Navigating and negotiating: Social processes to describe and explain the student experience of undertaking part-time, taught study on a Master’s level degree course in dementia care

Research output: Contribution to journalArticlepeer-review

Abstract

Post graduate education in dementia care is delivered by a number of academic institutions worldwide. Aimed primarily at people in advanced and specialised roles in health and social care, it is designed to develop the knowledge and skills to advance practice and lead to positive changes and benefits to people living with dementia and their social networks. However, undertaking Master’s level education can be challenging, particularly when this is undertaken alongside full-time work and family/domestic commitments. To illuminate this student experience further, this paper takes a case study approach to explore the experiences of three students who have successfully completed a Master’s programme in dementia care in the North West of England. Their individual and collective experiences highlight the challenges of juggling competing demands and the dynamic processes of navigating the student journey and continually negotiating supports in order to successfully complete the course. The study highlights important implications for the design and supportive structures within post graduate Master’s education in dementia care/studies, and potentially in other subject areas also, in order to support students’ transition to post graduate study.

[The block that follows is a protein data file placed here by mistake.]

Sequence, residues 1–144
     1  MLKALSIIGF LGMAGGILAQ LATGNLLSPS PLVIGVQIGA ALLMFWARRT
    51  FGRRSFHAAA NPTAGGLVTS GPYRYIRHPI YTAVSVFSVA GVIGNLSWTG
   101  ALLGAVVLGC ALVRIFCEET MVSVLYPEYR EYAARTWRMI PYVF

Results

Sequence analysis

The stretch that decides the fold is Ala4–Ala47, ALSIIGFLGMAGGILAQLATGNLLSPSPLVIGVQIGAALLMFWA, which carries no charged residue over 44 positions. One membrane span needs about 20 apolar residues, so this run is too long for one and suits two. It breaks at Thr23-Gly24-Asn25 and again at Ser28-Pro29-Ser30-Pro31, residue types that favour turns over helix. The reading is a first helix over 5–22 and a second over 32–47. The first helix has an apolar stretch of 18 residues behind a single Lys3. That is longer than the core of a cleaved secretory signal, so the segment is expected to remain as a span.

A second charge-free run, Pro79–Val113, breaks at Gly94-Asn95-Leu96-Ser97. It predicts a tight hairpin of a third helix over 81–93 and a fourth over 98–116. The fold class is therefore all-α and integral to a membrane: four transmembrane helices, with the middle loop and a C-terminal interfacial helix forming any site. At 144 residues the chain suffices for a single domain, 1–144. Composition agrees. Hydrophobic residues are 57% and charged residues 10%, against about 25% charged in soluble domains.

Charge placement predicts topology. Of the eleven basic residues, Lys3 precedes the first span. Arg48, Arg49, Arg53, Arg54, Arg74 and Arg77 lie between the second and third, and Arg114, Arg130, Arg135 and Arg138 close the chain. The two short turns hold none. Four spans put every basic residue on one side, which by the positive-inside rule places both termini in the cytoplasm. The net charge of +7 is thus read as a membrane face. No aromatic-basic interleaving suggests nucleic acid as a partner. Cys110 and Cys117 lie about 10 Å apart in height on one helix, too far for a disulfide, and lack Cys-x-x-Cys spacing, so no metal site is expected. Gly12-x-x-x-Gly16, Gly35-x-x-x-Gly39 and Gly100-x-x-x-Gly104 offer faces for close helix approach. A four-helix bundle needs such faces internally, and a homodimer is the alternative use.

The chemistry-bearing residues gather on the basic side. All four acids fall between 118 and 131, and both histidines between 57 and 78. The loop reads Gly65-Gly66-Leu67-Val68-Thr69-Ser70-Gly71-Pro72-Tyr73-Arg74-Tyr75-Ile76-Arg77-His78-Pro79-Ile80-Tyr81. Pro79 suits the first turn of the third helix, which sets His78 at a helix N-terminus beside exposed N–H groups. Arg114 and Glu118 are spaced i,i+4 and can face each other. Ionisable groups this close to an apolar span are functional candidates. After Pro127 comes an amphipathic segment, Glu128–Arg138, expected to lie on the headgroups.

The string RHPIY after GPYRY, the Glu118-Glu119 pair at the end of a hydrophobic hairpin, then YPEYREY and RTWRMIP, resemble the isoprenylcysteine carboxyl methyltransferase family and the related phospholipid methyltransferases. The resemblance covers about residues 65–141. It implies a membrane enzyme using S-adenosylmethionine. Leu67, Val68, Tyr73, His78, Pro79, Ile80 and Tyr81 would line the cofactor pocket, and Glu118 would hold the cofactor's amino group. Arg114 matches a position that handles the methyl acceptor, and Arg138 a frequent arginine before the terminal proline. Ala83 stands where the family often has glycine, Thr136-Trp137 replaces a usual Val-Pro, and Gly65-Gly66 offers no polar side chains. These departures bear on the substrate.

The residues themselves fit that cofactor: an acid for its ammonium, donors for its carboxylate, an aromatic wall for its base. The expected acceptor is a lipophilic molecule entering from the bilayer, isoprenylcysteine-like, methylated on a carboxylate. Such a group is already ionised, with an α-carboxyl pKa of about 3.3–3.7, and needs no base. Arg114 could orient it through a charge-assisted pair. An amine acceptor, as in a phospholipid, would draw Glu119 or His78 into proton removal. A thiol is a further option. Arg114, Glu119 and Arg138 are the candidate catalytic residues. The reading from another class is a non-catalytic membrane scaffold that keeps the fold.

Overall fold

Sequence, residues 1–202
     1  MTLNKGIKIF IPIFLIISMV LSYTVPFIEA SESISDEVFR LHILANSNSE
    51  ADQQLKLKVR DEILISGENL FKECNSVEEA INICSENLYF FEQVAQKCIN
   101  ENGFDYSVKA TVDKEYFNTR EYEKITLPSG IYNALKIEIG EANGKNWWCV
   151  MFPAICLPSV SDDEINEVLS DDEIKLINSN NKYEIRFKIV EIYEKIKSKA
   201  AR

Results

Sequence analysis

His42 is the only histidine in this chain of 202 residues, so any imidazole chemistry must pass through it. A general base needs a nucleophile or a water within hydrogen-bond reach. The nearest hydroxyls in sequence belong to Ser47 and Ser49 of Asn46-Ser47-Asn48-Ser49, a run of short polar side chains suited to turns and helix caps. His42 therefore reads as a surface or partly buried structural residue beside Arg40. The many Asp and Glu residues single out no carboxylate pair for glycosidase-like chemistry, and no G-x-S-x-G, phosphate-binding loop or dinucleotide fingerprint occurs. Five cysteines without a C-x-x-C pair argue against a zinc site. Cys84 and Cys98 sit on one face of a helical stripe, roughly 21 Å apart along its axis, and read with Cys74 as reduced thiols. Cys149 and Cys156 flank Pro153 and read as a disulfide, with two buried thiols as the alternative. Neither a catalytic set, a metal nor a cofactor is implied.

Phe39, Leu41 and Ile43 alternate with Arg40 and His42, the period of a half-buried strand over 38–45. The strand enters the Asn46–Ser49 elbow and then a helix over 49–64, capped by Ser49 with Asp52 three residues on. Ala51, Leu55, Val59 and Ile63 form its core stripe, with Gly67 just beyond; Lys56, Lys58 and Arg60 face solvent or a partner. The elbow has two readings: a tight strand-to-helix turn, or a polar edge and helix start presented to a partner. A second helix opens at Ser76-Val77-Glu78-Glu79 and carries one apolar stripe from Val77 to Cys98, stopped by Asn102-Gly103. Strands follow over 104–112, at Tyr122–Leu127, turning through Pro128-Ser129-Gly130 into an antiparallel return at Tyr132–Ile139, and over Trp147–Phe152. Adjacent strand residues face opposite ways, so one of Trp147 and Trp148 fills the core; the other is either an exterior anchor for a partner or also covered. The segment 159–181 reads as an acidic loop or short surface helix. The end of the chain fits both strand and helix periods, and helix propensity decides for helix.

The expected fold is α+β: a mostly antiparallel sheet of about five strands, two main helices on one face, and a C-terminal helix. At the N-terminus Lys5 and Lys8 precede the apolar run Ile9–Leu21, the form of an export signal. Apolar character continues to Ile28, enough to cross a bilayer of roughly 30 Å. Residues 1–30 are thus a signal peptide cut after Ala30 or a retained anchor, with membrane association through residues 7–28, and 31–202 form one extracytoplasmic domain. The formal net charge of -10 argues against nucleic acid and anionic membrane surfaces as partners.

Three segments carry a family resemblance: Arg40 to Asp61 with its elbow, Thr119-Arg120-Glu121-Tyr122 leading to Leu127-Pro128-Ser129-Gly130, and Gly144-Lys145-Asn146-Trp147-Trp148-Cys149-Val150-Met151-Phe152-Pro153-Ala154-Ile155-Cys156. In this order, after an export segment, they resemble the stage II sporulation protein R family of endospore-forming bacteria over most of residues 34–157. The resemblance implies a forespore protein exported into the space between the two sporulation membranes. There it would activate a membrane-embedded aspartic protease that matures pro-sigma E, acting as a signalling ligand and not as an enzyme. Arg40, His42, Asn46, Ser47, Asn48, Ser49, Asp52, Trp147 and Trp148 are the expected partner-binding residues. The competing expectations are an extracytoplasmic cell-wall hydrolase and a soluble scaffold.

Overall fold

Bibliographical metadata

Original languageEnglish
JournalDementia
Early online date9 Jan 2019
DOIs
Publication statusPublished - 2019